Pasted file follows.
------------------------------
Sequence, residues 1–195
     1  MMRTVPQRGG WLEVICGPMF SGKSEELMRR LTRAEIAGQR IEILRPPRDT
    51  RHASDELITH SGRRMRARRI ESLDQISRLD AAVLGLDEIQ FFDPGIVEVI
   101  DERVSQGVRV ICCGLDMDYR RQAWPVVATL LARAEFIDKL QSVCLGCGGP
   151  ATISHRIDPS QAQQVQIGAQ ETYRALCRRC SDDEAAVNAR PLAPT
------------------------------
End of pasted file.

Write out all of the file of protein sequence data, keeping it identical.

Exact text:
Sequence, residues 1–195
     1  MMRTVPQRGG WLEVICGPMF SGKSEELMRR LTRAEIAGQR IEILRPPRDT
    51  RHASDELITH SGRRMRARRI ESLDQISRLD AAVLGLDEIQ FFDPGIVEVI
   101  DERVSQGVRV ICCGLDMDYR RQAWPVVATL LARAEFIDKL QSVCLGCGGP
   151  ATISHRIDPS QAQQVQIGAQ ETYRALCRRC SDDEAAVNAR PLAPT